Throwback Thursday: Earnhardt & Martin Battle In 1990 Checker 500

PHOENIX, AZ – NOVEMBER 4, 1990: Dale Earnhardt won the Checker 500 at Phoenix in 1990 in the Richard Childress Chevrolet. The only other leader during the race was Rusty Wallace. (Photo by ISC Archives via Getty Images)

NASCAR Sprint Cup championship contestants Jimmie Johnson and Matt Kenseth will say and do all the right things in Phoenix International Raceway this week, and again the following week at Homestead-Miami Speedway. They’re both great racers and class acts who drive for championship-caliber teams. And they like and respect each other, which is why they’ve been joking with and texting each other.

But you know what?

Racing, like wrasslin’, needs heroes and it needs villains, guys who are polarizing figures who get everybody talking and arguing. Championship fights need the kind of rancor you got with Petty vs. Allison or Waltrip vs. Yarborough back in the day, not two guys praising each other like it was an infomercial for a juicer.

Which brings us to the late, great Dale Earnhardt.

The year was 1990. Mark Martin, in just his third year with Roush Racing, came into Phoenix with a 44-point lead over Earnhardt with two races to go. Martin was still a young buck at the time and Earnhardt was still the Intimidator, the cocky sumbitch who talked smack to anyone and everyone in his way, but more importantly backed it up.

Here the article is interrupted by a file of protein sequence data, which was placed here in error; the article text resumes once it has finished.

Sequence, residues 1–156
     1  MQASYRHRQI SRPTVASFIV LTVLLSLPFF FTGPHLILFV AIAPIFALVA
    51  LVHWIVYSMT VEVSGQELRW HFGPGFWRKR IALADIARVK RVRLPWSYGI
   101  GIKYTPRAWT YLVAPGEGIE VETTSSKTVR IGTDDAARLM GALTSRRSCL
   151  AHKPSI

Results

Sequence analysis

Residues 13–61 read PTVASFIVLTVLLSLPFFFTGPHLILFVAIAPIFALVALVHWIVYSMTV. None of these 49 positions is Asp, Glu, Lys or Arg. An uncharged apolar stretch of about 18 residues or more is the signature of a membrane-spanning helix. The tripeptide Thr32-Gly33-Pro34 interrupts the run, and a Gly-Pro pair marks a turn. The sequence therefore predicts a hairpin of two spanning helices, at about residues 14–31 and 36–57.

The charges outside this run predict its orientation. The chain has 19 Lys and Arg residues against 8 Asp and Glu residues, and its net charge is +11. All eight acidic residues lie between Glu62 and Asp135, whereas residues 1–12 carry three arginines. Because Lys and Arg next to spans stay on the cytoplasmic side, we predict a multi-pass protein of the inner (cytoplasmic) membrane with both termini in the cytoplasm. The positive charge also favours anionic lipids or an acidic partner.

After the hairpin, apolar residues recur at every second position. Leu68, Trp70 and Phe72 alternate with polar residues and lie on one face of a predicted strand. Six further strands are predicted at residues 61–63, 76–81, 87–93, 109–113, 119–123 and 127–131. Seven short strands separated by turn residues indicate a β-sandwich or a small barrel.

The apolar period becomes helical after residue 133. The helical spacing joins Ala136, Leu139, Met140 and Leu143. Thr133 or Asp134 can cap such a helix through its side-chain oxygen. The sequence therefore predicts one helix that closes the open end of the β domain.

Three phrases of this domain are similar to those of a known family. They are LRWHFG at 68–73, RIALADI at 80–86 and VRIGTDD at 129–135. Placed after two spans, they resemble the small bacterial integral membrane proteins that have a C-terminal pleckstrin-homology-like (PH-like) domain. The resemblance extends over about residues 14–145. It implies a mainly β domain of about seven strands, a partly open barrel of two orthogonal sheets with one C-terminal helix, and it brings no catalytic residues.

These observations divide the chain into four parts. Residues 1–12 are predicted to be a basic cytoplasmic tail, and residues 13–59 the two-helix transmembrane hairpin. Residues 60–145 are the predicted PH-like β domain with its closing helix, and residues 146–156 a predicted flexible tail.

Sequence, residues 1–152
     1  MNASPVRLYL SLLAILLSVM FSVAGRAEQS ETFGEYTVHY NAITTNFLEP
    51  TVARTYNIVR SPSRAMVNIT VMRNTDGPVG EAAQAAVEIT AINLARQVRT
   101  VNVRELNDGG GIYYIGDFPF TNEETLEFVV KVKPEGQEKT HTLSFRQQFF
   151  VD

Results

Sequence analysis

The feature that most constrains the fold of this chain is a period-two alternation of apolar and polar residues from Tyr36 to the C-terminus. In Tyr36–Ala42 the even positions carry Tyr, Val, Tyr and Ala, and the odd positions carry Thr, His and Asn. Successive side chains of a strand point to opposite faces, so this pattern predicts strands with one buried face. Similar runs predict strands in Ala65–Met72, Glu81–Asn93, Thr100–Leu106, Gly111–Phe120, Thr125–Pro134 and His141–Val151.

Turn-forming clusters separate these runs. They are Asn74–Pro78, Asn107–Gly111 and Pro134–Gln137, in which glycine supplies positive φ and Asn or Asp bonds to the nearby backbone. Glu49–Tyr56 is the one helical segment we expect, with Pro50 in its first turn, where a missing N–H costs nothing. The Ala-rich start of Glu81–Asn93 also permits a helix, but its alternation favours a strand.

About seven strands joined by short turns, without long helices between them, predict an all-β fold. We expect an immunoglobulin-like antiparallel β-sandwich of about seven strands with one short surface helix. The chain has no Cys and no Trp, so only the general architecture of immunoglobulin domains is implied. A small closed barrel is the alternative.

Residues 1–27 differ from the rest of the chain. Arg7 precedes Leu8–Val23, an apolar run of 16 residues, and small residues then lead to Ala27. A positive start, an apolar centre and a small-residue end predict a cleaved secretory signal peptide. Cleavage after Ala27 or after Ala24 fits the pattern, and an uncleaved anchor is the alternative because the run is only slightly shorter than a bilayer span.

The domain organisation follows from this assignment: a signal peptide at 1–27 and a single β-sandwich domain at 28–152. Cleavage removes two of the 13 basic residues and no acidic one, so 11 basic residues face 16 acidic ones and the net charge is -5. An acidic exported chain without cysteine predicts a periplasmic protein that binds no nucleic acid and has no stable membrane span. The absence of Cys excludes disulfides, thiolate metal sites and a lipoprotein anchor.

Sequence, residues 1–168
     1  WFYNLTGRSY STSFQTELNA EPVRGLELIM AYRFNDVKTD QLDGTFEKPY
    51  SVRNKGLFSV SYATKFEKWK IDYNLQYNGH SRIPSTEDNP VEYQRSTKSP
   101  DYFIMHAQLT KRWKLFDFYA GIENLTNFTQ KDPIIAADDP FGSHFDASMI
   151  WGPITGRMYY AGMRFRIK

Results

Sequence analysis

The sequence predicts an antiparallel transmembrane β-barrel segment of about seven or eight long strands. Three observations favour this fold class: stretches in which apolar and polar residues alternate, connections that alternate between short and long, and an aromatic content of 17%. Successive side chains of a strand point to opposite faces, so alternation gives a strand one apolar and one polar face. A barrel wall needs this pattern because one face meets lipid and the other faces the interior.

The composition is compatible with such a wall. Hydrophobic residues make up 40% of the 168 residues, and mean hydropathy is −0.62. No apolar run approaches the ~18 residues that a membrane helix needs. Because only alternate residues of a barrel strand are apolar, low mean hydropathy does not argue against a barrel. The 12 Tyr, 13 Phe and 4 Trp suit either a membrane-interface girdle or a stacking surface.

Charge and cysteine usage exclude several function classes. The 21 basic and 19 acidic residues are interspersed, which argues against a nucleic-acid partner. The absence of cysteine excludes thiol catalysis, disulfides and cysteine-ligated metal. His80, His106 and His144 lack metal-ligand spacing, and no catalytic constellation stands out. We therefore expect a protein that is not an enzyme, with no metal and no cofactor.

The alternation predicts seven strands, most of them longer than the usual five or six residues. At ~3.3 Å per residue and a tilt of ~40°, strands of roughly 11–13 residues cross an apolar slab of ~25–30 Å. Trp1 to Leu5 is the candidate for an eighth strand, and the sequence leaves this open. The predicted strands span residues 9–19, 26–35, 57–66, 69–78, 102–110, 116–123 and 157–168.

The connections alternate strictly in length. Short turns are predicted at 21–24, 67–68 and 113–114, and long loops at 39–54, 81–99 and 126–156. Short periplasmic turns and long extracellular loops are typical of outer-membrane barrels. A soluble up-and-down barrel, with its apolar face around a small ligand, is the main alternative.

The day before the race, NASCAR brought Martin and Earnhardt into the tiny PIR media center for the obligatory two-races-to-go-in-the-championship press conference. Right at the start, Earnhardt said something to the effect, of, "Hey, Mark, tell you what we should do: Forget the fans, forget the TV cameras, forget the media, you and I will go to Atlanta, race for 50 laps, come in and do a shot of whiskey, run 50 more laps, do another shot and keep going until one of us drops. Last man standing wins."

Martin turned white as a ghost. He had battled relentlessly to make it back to the then-Winston Cup Series, after having to sell off his own team when a sponsor flaked on him in 1983. After his first failed effort in the big leagues, Martin had gone home to his native Arkansas, won another ASA title and cleaned his act up considerably, losing both his youthful cockiness and some of the bad habits that went with it. He gave up alcohol altogether and became one of the most devoted fitness fanatics in the garage, traits he maintains to this day.

And here was Earnhardt, throwing demon alcohol back in Martin’s face and taunting him with it. It was cruel and unusual punishment for a guy who didn’t deserve it. And it worked, just as Earnhardt knew it would.

Did the display win any good sportsmanship awards? Of course not. But every fan had an opinion on Earnhardt vs. Martin, every fan took sides and the bench racing flowed as freely as the cold beer in seedy bars from Daytona to Darlington.

When the race came, Earnhardt led the final 262 of 312 laps. Martin gambled on tires on the final pit stop and fell from fifth to 10th, crashing on the final lap as Earnhardt won the race and took the points lead.

Two weeks later in Atlanta, the Man in Black won his fourth championship by 26 points over Martin.

And neither driver sent the other a text.